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Shot Peening

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Shot peening is a cold working process similar to sandblasting. Also called "shot blasting," it is used to modify the mechanical properties of metal by producing compressive residual stress layers on the material's surface. Shot of various mediums, such as round metallic pellets, glass beads, or ceramic particles, are impacted on the work surface at high speeds, creating plastic deformation. Though the process by which the blasting media is delivered is similar to sandblasting, the mechanism by which it works is different. Sandblasting relies on abrasion; shot peening depends on plasticity, with each projected particle operating like a ball-peen hammer. The shot peening process, in general, removes less material and produces less dust than does sandblasting.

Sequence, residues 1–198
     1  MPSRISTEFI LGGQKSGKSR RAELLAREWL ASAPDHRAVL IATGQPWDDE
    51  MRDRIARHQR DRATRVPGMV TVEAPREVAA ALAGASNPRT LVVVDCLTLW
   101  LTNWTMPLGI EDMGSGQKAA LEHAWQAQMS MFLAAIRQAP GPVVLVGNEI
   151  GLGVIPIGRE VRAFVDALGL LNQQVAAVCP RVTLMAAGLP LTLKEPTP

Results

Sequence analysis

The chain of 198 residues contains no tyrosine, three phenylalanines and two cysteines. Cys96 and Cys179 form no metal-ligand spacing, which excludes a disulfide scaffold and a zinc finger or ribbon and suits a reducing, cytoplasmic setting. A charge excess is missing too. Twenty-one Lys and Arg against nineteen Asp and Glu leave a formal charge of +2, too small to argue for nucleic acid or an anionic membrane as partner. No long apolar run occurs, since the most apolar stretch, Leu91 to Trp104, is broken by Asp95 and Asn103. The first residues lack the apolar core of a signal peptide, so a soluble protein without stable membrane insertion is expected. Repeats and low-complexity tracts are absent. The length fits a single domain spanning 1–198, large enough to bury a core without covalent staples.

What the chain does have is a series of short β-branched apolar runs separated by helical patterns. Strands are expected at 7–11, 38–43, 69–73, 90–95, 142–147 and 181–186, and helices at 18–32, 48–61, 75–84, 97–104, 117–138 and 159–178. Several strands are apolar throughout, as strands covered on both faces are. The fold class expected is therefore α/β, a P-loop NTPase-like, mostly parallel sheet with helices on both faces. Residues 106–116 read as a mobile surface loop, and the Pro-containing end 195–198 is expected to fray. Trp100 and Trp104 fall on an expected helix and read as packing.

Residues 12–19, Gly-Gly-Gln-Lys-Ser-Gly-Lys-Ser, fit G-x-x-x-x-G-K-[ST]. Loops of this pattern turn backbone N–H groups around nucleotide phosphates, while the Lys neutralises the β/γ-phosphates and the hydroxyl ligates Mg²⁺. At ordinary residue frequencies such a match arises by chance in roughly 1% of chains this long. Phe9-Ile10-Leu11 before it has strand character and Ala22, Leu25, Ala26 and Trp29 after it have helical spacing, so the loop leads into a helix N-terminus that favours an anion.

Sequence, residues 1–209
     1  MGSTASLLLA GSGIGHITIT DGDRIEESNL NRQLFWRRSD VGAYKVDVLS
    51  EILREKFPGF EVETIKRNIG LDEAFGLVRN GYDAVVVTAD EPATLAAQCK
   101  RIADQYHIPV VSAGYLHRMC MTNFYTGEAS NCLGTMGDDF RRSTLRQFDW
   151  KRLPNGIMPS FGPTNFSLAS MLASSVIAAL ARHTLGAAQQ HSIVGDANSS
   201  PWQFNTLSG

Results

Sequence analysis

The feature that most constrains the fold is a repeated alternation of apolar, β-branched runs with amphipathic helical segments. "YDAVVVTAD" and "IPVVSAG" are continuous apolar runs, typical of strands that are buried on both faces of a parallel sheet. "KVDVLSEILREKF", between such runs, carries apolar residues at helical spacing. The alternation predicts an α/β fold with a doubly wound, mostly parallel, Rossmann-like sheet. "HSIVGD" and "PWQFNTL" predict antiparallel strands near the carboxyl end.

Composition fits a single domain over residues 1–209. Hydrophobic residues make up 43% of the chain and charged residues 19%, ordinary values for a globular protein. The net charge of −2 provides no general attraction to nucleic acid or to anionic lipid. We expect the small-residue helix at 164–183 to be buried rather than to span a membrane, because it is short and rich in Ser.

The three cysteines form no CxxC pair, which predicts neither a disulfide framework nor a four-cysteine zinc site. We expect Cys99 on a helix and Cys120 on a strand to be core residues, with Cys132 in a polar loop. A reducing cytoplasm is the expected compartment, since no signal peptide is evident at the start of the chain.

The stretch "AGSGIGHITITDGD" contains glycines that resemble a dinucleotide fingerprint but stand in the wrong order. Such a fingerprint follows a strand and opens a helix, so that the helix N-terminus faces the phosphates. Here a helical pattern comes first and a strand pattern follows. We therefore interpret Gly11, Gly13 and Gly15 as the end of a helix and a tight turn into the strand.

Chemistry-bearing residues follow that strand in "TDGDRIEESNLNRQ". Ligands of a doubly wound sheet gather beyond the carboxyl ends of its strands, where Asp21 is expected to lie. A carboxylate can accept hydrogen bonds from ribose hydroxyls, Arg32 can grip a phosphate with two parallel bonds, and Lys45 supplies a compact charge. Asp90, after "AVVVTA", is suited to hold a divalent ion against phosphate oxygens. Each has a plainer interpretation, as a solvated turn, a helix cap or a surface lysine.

Shot Peening Benefits

Shot peening changes the mechanical properties of a surface by spreading it plastically. The process can be used to relieve tensile stresses caused by grinding, turning them into beneficial, residual compressive stresses. Compressive stress on the surface can give metals increased resistance to fatigue and to certain types of stress corrosion. In certain instances, fatigue life of a treated material can be increased up to 1000% with shot peening. Shot peening can also dramatically increase the cycle life of welds. An SAE Fatigue Design and Evaluation Committee study showed that standard, non-shot peened welds would typically fail after 250,000 cycles, while welds